August 22, 1967 marked an epoch in television history when the TV series The Fugitive prepared to close out its four-year run with a two-part finale titled, “The Judgment”. While today’s TV viewers are used to season finales (including mid-season finales) and series finales, the concept of a series closing out with a definitive episode was new, but as the ratings proved, successful. It would achieve the highest ratings of any TV show at the time, and while it bears noting the episodes aired in the summer when there wasn’t the usual competition, it was still an achievement that held up for over a decade, finally surpassed by the Dallas episode “Who Done It” (which answered the tantalizing questions, “Who Shot J.R.?”). It’s an achievement and an anniversary worthy of celebration, even fifty years later.
The premise of The Fugitive was simple, but powerful. Dr. Richard Kimble (David Janssen) was falsely convicted of murdering his wife and sentenced to death. His only defense was he saw a one-armed man leaving the area when he returned home to find his dead wife. Kimble escaped due to a train accident and went on the run, hoping to somehow find the one-armed man. Each week, he traveled from town to town, dealing with various problems, all the while eluding Lieutenant Phillip Gerard (Barry Morse), a cop obsessed with getting the man who escaped from his custody.
Lt. Gerard's pursuit of Kimble was an obsession drove some fans to send actor Barry Morse hate mail.
American actor William Conrad narrated the show’s opening and closing segments as well as The Fugitive’s title sequence. The title sequence would change, but by season two had settled into the now famous opening:
The Fugitive, a QM Production...starring David Janssen as Dr. Richard Kimble, an innocent victim of blind justice. Falsely convicted for the murder of his wife...reprieved by fate when a train wreck freed him en route to the death house...
freed him to hide in lonely desperation...
to change his identity...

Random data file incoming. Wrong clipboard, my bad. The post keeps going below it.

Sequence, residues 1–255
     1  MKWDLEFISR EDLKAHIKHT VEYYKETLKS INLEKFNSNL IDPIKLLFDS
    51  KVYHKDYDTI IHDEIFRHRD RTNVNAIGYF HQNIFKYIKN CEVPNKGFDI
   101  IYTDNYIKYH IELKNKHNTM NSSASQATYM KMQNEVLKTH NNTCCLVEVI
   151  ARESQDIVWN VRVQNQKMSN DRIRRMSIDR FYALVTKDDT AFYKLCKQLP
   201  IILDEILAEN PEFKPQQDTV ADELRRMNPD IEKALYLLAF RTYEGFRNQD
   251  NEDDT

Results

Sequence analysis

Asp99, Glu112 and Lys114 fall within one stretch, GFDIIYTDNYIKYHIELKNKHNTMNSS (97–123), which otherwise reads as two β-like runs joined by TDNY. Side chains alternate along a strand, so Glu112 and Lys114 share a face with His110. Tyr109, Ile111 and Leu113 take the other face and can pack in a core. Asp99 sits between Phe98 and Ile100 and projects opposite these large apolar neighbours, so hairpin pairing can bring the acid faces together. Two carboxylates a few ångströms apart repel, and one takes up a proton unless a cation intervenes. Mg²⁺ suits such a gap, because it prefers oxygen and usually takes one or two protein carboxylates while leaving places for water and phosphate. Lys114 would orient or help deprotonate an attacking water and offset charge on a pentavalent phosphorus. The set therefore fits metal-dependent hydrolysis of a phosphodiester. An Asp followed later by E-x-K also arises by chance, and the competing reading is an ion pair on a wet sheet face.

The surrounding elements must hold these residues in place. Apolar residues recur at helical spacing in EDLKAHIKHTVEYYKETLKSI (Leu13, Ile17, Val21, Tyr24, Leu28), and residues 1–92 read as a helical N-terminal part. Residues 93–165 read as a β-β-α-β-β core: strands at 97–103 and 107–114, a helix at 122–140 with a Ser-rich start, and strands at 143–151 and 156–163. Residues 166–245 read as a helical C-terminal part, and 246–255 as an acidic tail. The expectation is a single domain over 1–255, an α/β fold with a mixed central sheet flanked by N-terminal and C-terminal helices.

to toil at many jobs...
freed him to search for a one-armed man he saw leave the scene of the crime...
freed him to run before the relentless pursuit of the police lieutenant obsessed with his capture.
The beauty of the show was it afforded unlimited storylines (other than Dr. Kimble vindicating himself). Kimble had to find work (often menial) to survive, usually encountering people with problems of their own. Kimble inevitably found himself helping people, even though he was constantly at risk for exposure of his true identity. Occasionally, he found clues to the one-armed man, but the suspected killer remained an elusive figure for the first three seasons, rarely appearing. With Kimble’s resources virtually nonexistent, it made sense it would be difficult to find someone while simultaneously fleeing the police.
The One-Armed Man proved elusive throughout the series, appearing in less than a handful of episodes the first three seasons.
By the end of season three, David Jansen was exhausted with the role. Although he was offered half a million dollars to shoot a fifth season, he passed. His role was physically and mentally draining. He was the show’s only star, appearing in most of the show and working a physically demanding part, exacerbated by a bad knee. The show’s long hours and frequent night shoots took their toll and Janssen’s role shouldering the show was akin to Atlas.